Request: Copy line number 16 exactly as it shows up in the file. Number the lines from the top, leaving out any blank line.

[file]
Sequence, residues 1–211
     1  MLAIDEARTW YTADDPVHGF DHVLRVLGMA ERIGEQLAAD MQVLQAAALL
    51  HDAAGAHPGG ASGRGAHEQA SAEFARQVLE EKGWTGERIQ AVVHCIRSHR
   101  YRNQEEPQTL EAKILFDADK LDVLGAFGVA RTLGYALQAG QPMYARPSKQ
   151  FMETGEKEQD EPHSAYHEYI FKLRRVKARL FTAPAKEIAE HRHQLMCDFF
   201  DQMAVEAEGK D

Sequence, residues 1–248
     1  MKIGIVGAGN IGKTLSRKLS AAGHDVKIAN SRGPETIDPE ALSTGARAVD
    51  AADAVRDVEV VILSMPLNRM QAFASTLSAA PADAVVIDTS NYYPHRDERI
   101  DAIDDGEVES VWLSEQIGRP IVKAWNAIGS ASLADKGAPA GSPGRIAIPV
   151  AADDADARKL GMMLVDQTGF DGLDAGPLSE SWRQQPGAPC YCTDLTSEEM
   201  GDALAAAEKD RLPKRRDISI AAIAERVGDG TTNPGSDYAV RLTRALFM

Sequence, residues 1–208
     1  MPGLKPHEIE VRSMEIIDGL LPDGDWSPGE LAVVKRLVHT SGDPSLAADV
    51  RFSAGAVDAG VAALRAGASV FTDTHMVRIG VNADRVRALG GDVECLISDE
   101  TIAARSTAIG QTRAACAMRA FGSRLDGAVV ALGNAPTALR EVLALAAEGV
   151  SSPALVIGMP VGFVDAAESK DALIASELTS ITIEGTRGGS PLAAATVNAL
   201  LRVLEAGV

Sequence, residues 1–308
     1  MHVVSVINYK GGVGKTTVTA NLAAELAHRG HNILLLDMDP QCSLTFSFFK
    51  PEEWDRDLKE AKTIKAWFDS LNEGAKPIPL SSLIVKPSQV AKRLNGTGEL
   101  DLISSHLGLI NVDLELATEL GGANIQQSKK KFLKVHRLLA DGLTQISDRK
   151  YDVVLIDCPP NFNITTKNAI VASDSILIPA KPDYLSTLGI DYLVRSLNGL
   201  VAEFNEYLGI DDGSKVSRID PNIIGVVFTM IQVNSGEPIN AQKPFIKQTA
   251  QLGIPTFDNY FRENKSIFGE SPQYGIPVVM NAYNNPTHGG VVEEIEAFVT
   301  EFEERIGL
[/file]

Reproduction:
   101  TIAARSTAIG QTRAACAMRA FGSRLDGAVV ALGNAPTALR EVLALAAEGV